Washington – The Senate moved a crucial step closer Thursday to passing a historic overhaul of the financial regulatory system, voting 60 to 38 to cut off debate on the measure, virtually assuring passage as soon as later in the day.
The 2,323-page bill will trigger the biggest financial regulatory changes since the Great Depression of the 1930s. It aims to put new government rules and tools in place to prevent a repeat of the 2008 financial industry meltdown that helped send the nation’s economy reeling.
“It is not a perfect bill. I will be the first to admit that,” said Senate Banking Committee Chairman Christopher Dodd, D-Conn., just before the vote. “But we believe we have done the best we could under the circumstances to see to it we never have another bailout of a major financial institution at taxpayer expense.”
Republicans wouldn’t relent in their opposition. Thirty-eight voted to stall the bill, while 57 Democrats, joined by Republicans Olympia Snowe and Susan Collins of Maine and Scott Brown of Massachusetts, voted to cut off debate. Sen. Russell Feingold, D-Wis., was the only Democrat to vote no. Sixty votes were needed to end debate under Senate rules.
Most GOP senators insisted that the Senate was making a grave mistake.
“This is simply another example of the majority party’s preference for a one size fits all regulatory structure stifling economic growth,” said Sen. Saxby Chambliss, R-Ga.
The House of Representatives passed the bill last month. Once the Senate approves, it goes to President Barack Obama for his signature.
The measure would be the third major legislative triumph for Obama since he took office 18 months ago. Like his other signature initiatives _ last year’s economic stimulus and the health care system overhaul passed earlier this year _ the financial regulation bill got virtually no Republican support.
The bill, the product of painstaking negotiations _ largely among Democrats _ would set up a new consumer agency to write rules for credit products such as mortgages, student loans and credit cards; require federally insured financial institutions to spin off riskier investments and make it easier for the government to break up large institutions that have financial problems.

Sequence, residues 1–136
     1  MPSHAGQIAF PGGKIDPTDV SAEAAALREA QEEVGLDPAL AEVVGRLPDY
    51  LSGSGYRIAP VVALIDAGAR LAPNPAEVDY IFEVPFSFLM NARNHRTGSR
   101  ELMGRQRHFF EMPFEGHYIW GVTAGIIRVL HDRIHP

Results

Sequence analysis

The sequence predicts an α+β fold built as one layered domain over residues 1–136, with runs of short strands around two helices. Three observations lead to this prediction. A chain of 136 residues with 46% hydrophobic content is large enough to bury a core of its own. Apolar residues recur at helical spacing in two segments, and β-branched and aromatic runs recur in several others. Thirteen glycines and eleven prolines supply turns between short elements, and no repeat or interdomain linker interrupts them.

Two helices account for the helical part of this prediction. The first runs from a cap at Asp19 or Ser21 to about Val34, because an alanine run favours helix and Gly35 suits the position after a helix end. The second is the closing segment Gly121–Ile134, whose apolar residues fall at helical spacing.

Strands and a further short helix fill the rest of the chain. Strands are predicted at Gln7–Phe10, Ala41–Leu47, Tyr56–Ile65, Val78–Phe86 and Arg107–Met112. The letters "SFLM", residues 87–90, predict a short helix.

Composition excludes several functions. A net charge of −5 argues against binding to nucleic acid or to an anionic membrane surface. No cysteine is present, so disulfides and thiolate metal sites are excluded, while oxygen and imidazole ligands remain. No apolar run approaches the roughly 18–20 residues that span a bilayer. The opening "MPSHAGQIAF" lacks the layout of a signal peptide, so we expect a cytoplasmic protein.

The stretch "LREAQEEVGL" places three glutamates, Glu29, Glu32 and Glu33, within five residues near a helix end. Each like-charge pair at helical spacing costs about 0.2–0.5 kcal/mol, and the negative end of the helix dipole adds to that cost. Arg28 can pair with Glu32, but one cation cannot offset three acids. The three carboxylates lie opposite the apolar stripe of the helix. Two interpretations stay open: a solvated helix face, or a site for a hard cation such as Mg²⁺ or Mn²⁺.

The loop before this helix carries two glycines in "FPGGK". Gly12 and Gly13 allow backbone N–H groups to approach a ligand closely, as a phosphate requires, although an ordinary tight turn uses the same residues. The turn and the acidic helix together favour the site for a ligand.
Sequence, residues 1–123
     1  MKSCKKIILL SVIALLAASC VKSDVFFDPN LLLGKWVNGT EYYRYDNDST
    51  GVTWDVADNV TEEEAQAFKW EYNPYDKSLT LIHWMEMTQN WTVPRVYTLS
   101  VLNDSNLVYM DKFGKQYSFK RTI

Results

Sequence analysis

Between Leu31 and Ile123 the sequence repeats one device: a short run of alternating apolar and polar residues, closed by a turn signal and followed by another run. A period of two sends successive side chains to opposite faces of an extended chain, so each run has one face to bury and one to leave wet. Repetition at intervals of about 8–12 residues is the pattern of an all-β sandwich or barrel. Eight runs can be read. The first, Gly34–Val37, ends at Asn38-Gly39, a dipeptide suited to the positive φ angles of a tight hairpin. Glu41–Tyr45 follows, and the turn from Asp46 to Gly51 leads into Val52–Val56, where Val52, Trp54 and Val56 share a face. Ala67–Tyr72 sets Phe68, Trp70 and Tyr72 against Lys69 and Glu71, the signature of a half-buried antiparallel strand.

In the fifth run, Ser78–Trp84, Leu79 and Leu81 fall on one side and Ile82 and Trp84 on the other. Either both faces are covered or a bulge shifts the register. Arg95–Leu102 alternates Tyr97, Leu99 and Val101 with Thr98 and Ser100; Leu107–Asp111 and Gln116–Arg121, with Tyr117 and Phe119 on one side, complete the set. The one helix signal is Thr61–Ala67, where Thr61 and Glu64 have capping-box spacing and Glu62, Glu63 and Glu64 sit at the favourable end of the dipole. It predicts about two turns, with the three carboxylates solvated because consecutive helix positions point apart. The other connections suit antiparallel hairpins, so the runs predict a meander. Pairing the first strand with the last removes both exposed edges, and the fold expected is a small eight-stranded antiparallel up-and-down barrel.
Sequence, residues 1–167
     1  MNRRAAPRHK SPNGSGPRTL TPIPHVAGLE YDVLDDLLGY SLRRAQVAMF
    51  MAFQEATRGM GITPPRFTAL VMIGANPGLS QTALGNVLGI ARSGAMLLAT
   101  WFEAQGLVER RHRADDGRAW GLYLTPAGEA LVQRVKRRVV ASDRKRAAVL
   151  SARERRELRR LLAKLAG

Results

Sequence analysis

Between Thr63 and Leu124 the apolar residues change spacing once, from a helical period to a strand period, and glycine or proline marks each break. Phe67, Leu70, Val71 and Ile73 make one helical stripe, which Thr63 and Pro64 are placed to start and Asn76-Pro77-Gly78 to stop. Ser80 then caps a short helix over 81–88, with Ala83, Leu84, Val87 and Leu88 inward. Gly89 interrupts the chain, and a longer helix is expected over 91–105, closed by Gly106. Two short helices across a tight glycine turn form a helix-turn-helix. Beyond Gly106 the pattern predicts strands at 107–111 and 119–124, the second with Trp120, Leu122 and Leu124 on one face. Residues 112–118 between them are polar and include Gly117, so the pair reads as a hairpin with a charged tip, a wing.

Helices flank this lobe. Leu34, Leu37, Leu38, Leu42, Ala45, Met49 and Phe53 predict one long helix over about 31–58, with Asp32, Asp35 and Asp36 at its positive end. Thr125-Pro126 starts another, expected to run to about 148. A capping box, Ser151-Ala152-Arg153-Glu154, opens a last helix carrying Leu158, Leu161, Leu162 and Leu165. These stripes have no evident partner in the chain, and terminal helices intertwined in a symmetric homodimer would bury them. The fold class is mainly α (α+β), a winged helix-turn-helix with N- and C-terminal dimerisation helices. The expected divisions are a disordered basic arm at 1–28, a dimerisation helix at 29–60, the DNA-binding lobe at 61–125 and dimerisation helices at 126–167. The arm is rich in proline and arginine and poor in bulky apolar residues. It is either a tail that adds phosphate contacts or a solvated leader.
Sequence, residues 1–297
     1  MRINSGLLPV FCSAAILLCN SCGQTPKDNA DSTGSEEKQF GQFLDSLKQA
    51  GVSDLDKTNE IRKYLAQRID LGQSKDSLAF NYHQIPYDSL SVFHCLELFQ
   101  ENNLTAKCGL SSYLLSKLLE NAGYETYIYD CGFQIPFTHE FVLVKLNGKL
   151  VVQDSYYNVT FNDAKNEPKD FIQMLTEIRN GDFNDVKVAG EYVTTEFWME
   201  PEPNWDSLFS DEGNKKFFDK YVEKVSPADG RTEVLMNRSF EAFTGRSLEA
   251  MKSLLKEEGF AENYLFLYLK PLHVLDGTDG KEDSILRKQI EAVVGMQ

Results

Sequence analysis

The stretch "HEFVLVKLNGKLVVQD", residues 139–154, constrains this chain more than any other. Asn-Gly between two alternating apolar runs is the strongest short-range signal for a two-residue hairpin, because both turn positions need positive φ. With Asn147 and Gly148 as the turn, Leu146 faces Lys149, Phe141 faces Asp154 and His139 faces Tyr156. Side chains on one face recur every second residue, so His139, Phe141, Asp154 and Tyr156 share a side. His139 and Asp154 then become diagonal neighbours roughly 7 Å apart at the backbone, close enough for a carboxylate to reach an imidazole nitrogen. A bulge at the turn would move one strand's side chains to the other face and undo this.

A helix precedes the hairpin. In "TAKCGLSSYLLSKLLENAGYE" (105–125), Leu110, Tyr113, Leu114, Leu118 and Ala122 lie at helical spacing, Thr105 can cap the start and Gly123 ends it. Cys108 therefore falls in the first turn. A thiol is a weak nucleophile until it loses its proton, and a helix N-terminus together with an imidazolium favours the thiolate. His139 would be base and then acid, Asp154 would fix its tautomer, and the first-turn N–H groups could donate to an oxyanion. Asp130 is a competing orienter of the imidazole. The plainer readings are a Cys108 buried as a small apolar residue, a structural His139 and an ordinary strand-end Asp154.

That breakup authority is considered one of the bill’s most significant changes. During the 2008 economic collapse, the only option for troubled firms was bankruptcy, but that would have put shareholders and creditors at odds with one another and sowed doubt throughout the financial world, perhaps spreading panic.
Thursday, the differences between the two parties over the bill remained stark, and the debate throughout the day was one likely to be heard on the campaign trail in the three and one-half months until the Nov. 2 congressional elections.
“As it turns out, the American people don’t seem to like this government-driven solution to the financial crisis any more than they liked the Democrats’ government-driven solution to the nation’s health care crisis,” said Senate Republican Leader Mitch McConnell of Kentucky.
“They don’t think this bill will solve the problems in the financial sector any more than they think the health care bill will lead to lower costs or better care.”
Democrats readily conceded that the bill wasn’t perfect, but contended that should be seen as an important, even bold, step toward curbing potential abuses.
“This bill corrects a regulatory structure that today allows reckless gambling on Wall Street, that creates too-big-to-fail, where government bailouts are necessary to keep companies afloat because there’s no other option,” said Sen. Ben Cardin, D-Md.
One of the Republicans’ key arguments was that no one knows if the bill could prevent a 2008-style collapse.
“The Democratic majority chose to adopt legislative language penned by federal regulators in search of expanded turf,” charged Sen. Richard Shelby of Alabama, the senior Republican on the Banking Committee. “They chose to legislate for the political favor of community organizer groups and liberal activists seeking expansive new bureaucracies.”
Countered Dodd, “I can’t legislate integrity. I can’t legislate wisdom. I can’t legislate passion or competency. “What we can do is create the tools and the architecture that allow good people to do a good job on behalf of the American public.”
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